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< prev - next > Crop processing Drying solarfishdrier (Printable PDF)
Technical brief
Construction and
maintenance of Solar Fish
This Technical brief details the basic construction techniques as well as the material, equipment, skills and labour requirements
necessary to construct a low cost solar fish drier suitable for the small scale dry fish producers of Sri Lanka.
Initiatives to improve the productivity and quality standards
of the local dry fish industry is important for several reasons.
Firstly, fish, including dry fish, is the most important source
of protein, ac counting for 65% of the protein intake of the
average Sri Lankan consumer. With the gradual increase in
population, the demand for fish and processed fish is also
steadily increasing. Secondly, it is estimated that Sri Lanka
imports about 28,000t of dry fish annually, (Ministry of
Fisheries and Aquatic Resources - Fisheries Strategy
Document 2005), amounting to a significant outflow of
foreign currency from the country. Improving the local dry
fish industry can help save at least a portion of this outflow
of foreign currency. Thirdly, dry fish is an important source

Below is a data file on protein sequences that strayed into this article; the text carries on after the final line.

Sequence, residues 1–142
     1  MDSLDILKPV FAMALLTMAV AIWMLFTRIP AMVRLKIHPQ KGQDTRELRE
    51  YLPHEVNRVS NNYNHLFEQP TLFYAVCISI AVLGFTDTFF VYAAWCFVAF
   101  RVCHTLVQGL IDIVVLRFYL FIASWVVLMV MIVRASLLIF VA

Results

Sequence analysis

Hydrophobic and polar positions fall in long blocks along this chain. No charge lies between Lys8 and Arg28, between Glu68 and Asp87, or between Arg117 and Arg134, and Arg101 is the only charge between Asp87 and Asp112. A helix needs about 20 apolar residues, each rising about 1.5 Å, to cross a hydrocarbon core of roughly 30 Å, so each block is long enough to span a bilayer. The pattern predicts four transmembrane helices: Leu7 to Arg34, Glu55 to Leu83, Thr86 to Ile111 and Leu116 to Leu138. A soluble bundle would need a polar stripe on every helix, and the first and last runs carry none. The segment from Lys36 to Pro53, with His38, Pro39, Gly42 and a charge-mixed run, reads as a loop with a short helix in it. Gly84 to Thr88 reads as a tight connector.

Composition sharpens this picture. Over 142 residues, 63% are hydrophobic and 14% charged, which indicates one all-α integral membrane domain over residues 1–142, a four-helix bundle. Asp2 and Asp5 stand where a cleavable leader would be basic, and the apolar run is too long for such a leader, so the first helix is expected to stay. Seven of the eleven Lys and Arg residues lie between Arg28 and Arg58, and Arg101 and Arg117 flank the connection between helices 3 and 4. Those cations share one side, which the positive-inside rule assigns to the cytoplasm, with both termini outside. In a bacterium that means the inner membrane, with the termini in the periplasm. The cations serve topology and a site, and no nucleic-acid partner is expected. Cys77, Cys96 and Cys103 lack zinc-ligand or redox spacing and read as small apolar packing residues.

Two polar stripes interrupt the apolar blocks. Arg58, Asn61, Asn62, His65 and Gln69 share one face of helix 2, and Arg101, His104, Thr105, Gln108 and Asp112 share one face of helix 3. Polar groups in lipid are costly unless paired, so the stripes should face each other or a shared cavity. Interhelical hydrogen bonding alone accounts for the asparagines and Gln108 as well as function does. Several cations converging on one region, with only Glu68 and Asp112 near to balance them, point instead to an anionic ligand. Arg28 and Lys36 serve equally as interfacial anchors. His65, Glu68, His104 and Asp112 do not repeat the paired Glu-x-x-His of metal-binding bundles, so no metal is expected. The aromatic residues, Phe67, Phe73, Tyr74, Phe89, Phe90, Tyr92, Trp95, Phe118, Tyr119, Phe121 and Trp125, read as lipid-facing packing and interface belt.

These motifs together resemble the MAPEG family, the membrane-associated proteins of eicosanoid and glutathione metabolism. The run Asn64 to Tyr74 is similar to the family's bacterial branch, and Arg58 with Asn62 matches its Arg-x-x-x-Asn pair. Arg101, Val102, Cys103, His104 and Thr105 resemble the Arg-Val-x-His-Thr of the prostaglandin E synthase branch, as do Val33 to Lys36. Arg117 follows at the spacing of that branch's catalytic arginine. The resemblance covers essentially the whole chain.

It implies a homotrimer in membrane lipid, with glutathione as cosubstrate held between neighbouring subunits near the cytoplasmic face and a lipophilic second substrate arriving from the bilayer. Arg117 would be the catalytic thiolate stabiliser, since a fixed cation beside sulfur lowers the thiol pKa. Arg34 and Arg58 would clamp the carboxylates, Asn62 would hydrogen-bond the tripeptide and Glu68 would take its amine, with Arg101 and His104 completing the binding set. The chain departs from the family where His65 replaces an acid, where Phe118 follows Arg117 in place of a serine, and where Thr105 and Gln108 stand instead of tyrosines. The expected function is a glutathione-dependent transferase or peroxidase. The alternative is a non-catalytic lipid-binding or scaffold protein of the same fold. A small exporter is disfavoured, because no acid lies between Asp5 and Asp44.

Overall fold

of income for the small scale coastal fisheries communities
of Sri Lanka
Dry fish production mainly consists of micro level cottage
enterprises, carried out predominantly by fisherwomen as a
supplementary source of income. As such, the quantities
produced tend to be low. Furthermore due to the long drawn
drying process, the moisture retained creates an ideal
environment for growth of fungi. The practice of drying the
fish in the open under the sun affects the hygienic conditions
of the dried fish, due to the high risk of contamination with
dust particles and harmful contaminants.
However, the scale of the average dry fish enterprise
precludes the introduction of sophisticated methods of fish
preservation. The high capital requirement and the fuel cost
of many of the high-tech dryers makes it unaffordable and
impractical for the small scale dry fish producer.
Furthermore, social factors such as attitudes, lifestyle and
behaviour makes it difficult to introduce radical changes to
conventional drying methods.
Practical Action started with the general understanding that
there was a need for a low cost, low technology means for
producing larger quantities of high quality dry fish. Through
a combination of community and expert consultation,
Practical Action innovated a solution in the form of a solar
powered fish dryer. The use of solar energy means that the
cost of energy is zero. It’s simple design makes the cost of
installation low, especially since most of the material can be
easily sourced locally. The dryer is sealed to avoid
contamination. The maintenance cost is minimal, and it
allows for faster drying compared to the conventional drying
Who to contact: Project Manager – Fisheries or the Resource Desk at
Practical Action (formerly ITDG)
No 5, Lionel Edirisinghe Mw, Colombo 5, Sri Lanka.
T +94 (11) 2829412 F +94 (11) 2856188